Agreement for minors

Minors in foreign countries

Objectives

The specific and general objectives of the session are the following:

- to increase awareness about politics for minors

- to increase the respect of children rights

 

Expected Outcomes

The expected outcomes on the target groups are the following:

- to stimulate feelings of justice and equality

- to strengthen understanding that among “migrants” there are also children in special need of assistance

 

Target group

All groups/society

Adults

Number of participants: 8-20 people

 

Complexity

(1 - very easy, 5 - very difficult)

The degree of expertise needed - 3

The amount of work to prepare and implement the scenario - 3

The relative overall cost predicted - 3

 

Duration

2 hours (a 15 minutes break is foreseen)

Space

Room with capacity for 20 people, seating arrangement, tables

Resources

Flipchart, white paper, pens, computers and projector

Preparation

The facilitator should know or read about the Convention on the Rights of the Child, mentioned in introduction. He/she can find more information in the link proposed as inspiration.

In order to show an example of total disrespect of children rights, a BBC video with English subtitle related to the “Jungle” in Calais is proposed to screen. Of course, countless other videos could be showed, better if well known in the country in which the activity is proposed and in mother tongue.

 

Conduction

Introduction

Children have been recognised as being in particular need of care and assistance, and for that reason they have their "own" human rights treaty – the Convention on the Rights of the Child (CRC).

The CRC was adopted by the United Nations in 1989 and entered into force on 2 September 1990. The CRC applies to all children under the age of 18 in those countries that have accepted it – and nearly every country in the world has done so. Only the United States of America and Somalia have failed to ratify the Convention.

The CRC does not offer children any more rights than other human beings, but it does recognise that additional guarantees may be necessary in order to make sure that children are able to access the human rights which are possessed by everyone: civil, political, social, economic and cultural rights.

 

Activities

Stage 1: Debate and video projection (15 min)

After having done the introduction, the following questions could be asked:

- In your opinion is the Convention on the Rights of the Child respected all over the world? Why? Why not?

- If you could report to the Committee of the Convention on the Rights of the Child about the situation in your city and in your country which will be your statements?

- Which are in your opinion the children rights generally less respected?

 

After the discussion the facilitator proposes to watch a BBC video with EN subtitles about unaccompanied child migrants http://www.bbc.com/news/entertainment-arts-37607774.

Stage 2: Let’s create our Convention! (60 min)

The facilitator gives the example of Finland, where a virtual Children's Parliament has been constructed online. It provides representatives with a place, independent of time and location, to interact and further their activities.

The Board and Committees of the Children's Parliament meet weekly online in chat rooms, and discuss issues and prepare for future plenary sessions.

The members of the Children's Parliament discuss issues online in their own discussion forums, respond to surveys submitted by decision makers, and hold a two-week online plenary session. The Board and all of the children also meet in person.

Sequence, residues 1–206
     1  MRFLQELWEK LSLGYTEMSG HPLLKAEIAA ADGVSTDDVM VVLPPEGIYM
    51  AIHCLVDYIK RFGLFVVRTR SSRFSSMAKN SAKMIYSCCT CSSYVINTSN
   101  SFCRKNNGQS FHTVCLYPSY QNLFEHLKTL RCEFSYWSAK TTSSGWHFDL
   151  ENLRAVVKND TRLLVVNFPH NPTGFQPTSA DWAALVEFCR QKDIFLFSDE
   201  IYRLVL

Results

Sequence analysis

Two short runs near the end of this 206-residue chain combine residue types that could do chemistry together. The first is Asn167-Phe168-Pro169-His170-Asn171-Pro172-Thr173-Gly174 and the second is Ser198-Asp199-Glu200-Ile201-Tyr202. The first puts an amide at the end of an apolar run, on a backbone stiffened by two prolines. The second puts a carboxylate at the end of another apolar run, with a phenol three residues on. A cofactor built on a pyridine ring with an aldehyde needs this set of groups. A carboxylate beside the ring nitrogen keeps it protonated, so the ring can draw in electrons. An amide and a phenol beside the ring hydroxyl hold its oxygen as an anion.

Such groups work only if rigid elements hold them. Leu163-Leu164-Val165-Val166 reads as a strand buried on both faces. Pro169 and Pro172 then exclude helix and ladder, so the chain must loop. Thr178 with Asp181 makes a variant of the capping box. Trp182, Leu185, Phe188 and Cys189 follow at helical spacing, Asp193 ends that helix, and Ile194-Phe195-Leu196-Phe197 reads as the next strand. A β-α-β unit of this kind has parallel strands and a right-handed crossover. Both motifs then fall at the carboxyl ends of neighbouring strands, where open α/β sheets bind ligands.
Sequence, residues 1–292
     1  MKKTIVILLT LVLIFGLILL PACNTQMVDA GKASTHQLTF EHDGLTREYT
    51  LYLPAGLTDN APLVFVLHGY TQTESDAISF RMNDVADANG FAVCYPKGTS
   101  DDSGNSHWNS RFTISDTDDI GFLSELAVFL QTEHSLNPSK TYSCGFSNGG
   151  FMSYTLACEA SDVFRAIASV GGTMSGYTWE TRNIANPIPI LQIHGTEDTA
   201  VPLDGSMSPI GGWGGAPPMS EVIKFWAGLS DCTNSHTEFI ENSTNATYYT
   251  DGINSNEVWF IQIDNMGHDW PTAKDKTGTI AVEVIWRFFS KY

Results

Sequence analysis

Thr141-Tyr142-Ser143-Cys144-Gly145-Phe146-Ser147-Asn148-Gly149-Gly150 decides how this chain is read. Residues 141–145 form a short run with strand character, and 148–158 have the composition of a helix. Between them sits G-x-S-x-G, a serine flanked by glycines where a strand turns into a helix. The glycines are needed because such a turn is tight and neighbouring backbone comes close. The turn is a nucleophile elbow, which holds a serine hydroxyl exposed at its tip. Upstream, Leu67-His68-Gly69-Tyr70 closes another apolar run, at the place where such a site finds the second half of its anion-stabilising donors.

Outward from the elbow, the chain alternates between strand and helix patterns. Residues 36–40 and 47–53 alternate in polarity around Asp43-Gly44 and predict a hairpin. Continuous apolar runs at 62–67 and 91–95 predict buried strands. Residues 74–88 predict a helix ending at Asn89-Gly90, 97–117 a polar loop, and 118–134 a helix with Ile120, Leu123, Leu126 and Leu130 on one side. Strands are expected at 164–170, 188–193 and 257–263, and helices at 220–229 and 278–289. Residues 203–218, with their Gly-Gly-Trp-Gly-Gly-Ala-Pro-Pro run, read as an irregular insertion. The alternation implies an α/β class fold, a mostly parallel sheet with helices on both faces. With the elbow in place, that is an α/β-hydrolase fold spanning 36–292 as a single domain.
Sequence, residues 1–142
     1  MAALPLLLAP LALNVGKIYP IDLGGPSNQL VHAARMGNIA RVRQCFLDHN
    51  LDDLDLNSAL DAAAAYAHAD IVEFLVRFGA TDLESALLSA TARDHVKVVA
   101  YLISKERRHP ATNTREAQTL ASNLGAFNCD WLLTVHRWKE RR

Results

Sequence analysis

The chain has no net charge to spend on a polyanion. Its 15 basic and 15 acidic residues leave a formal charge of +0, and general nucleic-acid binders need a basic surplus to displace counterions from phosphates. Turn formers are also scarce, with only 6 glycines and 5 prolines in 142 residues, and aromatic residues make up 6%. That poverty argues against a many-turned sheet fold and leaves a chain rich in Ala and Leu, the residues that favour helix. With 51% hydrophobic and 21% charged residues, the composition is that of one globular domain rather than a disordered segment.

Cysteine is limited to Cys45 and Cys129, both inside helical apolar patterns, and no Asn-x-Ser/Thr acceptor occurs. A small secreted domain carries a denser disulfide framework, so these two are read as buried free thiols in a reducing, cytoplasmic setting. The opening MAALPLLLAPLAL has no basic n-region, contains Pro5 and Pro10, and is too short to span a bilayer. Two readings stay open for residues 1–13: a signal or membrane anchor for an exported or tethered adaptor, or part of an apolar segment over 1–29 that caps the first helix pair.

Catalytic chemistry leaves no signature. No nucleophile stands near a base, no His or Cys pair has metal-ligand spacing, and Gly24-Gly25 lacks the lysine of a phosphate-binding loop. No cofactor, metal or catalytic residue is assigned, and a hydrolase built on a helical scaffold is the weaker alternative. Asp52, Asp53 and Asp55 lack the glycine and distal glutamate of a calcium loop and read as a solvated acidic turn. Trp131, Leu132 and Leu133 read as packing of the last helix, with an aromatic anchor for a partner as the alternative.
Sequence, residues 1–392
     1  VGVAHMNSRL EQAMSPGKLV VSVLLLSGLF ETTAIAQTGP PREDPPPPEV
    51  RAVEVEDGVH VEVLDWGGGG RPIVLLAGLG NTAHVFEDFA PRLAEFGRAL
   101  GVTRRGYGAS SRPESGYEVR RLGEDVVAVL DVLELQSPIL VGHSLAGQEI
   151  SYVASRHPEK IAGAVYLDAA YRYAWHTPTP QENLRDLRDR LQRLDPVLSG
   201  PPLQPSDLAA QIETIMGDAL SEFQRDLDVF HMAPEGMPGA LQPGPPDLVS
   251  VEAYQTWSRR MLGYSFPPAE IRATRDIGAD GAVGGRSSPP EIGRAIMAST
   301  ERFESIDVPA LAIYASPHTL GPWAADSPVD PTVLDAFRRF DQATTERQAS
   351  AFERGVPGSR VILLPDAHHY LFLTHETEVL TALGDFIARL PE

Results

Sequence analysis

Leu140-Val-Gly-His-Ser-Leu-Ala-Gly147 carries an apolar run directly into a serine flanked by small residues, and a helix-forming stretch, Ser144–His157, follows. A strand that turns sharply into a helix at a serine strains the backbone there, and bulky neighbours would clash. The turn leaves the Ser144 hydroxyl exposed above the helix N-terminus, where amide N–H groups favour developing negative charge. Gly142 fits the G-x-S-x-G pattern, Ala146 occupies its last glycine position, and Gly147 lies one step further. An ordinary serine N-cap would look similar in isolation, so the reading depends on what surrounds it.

After this information, the facilitator asks participants to imagine being a Parliament member. The first act is the promotion of a new Convention on the Rights of the Child in which at least 10 laws in defence of children rights will be included.

Depending on the number of participants facilitator divides people in smaller group, consisting of 3-4 members. Each group creates their own Convention, writing down the statements in the flipchart paper.

 

Stage 3: Presentation of all proposals (30 min)

When the work is done, facilitator asked each group to present their Convention and  explain the reasons of their choice.

 

Debriefing

After all presentations, a final debate will follow: (15 min)

- During your “parliamentary” activity, have you mostly thought to foreign children rights or to native children?

- Do you think it should be necessary to have different laws for native children and foreign ones?

- In general, do you think that children/young people will act differently (better) in a Parliament instead of adults?

- In writing your laws, have you thought that sometimes could be other young people who disrespect children’s rights, for example with bullying episode?

- In your daily life, do you respect the laws you proposed?

 

Support tools

Presence lists, evaluation forms (if required)

Inspiration

https://www.unicef.org/emergencies/childrenonthemove/

The Educational agreement for Foreign Minors in Sicily proposed by EURO Association (Italy) and the Centre of Juvenile Justice in Sicily.

http://www.coe.int/en/web/compass

http://www.ohchr.org/EN/ProfessionalInterest/Pages/CRC.aspx

 

Ideas for action

 

 

ANNEXES

 

Created by EURO

ITE

 

 

 

Social-educational initiative centre PLUS

sei.plius@gmail.com

Make it Better

info@mibworld.org

Ecos do Sur

ong@ecosdosur.org

 

 

 

The European Commission support for the production of this publication does not constitute an endorsement of the contents which reflects the views only of the authors, and the Commission cannot be held responsi¬ble for any use which may be made of the information contained therein.

 

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